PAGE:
I'm not sure how familiar you are with Parisian café culture, but it's something people do: sit at cafés and sip espresso. Did you know that the espresso is actually really gross?  For a couple of Portlanders and a Londoner, the coffee was totally sub-par. While Kim could handle it, Sarah and I couldn't. We made it our mission to find decent coffee. We never really did, but we came close at Rose Bakery. We'd each order two drinks during breakfast so we could feel properly caffeinated.

I was talking with a friend the other night about Paris, and he said seeing photos makes him feel weirdly nostalgic, which is how I feel, too. I'm not sure if it's even for a time that I've already had there, or if it's for a time I want to have. But there's something about that city that makes me feel like I want to make memories there. Maybe that's what we just did?

____________________ All photos taken on my film camera.

Summer blur

A year ago this weekend -- Labor Day weekend -- my dear friend Christie and I were camping at Smith Rock State Park in Central Oregon. It was a memorable weekend in which the highlight was a 40 or so mile long drive along a gravel road not meant for cars like the one we were driving. At times we weren't sure if we'd make it to our destination: the highway. The map we were using was either inaccurate, or we (most likely) made some wrong turns. It was supposed to be about 20 miles, but ended up taking hours longer than expected because we were going so slow most of the way that we didn't even shift out of first gear! At one point I had to get out of the car while we forded a creek, so as not to weigh it down any more than necessary. We both silently made note of our mileage as we would pass a house in order to know how many miles back we'd have to walk to civilization if the car got stuck or we broke down. There were hills as far as we could see, cows wandering in the roadway, and not a person for miles and miles. We finally made it back to the highway at dusk, luckily, and headed to our camp where we were rewarded with the most refreshing beer we'd ever had. There aren't many people I'd want to be in that situation with, but Christie has a sense of adventure that is contagious, which is also paired with extreme capability when it comes to precarious situations like that one.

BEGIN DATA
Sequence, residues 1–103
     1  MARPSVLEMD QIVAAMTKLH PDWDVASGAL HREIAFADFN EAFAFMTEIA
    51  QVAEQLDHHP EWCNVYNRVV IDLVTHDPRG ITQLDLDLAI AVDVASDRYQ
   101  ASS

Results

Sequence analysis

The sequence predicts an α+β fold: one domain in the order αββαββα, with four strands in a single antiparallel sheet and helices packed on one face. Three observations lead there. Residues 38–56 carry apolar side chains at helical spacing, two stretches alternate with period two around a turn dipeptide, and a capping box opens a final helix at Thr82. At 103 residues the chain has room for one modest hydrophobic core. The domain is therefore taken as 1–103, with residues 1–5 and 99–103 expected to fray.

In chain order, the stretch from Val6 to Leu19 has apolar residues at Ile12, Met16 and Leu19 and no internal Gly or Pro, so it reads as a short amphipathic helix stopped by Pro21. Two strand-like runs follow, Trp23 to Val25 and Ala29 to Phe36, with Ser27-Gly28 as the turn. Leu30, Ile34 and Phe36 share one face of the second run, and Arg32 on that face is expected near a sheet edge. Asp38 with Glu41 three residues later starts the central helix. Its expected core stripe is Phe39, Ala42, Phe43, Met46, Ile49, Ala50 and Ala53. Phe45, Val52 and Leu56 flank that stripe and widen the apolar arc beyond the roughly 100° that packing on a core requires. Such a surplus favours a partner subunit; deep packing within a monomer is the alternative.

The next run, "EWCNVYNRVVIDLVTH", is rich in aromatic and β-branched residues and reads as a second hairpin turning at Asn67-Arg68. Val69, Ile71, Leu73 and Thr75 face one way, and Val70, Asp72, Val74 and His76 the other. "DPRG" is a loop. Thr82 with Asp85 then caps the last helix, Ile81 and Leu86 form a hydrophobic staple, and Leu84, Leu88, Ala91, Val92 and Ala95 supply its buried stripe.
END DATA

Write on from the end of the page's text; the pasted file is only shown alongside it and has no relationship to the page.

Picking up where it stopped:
It's hard to believe a year has passed since then, as it seems like such a vivid memory. Over the past year a lot has changed for me, however. In June I left my job of four years, which has completely turned my world upside down. I'm able to pursue the kind of work I want to be doing, and am already consumed with three different jobs, tons of projects, and trips seemingly every weekend, that I'm busier than ever! It's certainly not the summer I had expected it to be: unemployed and lazily taking river trips mid-week.

In Portland, summer officially starts on the fourth of July, once it finally gets warm. I was lucky to go camping even before that in Central Oregon, where it's much warmer and dryer, for my roommate Alea's birthday. Sharing the weekend with friends in the desert while eating great food and swimming in the John Day River was the best way to kick off summer.

I love Alea for a lot of reasons, but the one of the first things that brought us together was that we were raised about fifteen miles from one another out in the Coast Range of Western Oregon. We both have a little bit of country in us. Anyway, it was a beautiful weekend of getting dusty in the desert and celebrating Alea. The first night we stayed at Pine Mountain Observatory, where we saw the most incredible sky filled with stars. More than I've ever seen. There were astronomers with gigantic telescopes who pointed out the constellations and showed us Saturn, which was recognizable with the ring around it. While laying on the ground for just a short while, I counted at least ten shooting stars.

The next day we drove out to the Painted Hills and planned to find somewhere to camp along the way. It was hot out, and we wanted to find a place to swim. But with no cell phone reception and a proven unreliable map that I had used last year in the same area, we didn't really have a destination in mind. As we were driving down the highway, I saw a local dude and his two young sons near their driveway and quickly pulled over. I asked him if he knew of any good swimming holes nearby. He asked how serious we were, because if we wanted to drive on a gravel road, up a hill, he could direct us to the best place around. Little did he know that I had traversed those roads with wild abandon just last year. I memorized his directions, but for good measure he drew us a map: